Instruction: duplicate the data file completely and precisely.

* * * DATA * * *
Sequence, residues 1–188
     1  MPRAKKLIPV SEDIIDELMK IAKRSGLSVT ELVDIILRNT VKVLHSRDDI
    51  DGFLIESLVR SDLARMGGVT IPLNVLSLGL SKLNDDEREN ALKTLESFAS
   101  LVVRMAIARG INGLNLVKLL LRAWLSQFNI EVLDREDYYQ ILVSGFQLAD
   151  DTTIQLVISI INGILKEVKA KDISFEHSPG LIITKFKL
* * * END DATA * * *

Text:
Sequence, residues 1–188
     1  MPRAKKLIPV SEDIIDELMK IAKRSGLSVT ELVDIILRNT VKVLHSRDDI
    51  DGFLIESLVR SDLARMGGVT IPLNVLSLGL SKLNDDEREN ALKTLESFAS
   101  LVVRMAIARG INGLNLVKLL LRAWLSQFNI EVLDREDYYQ ILVSGFQLAD
   151  DTTIQLVISI INGILKEVKA KDISFEHSPG LIITKFKL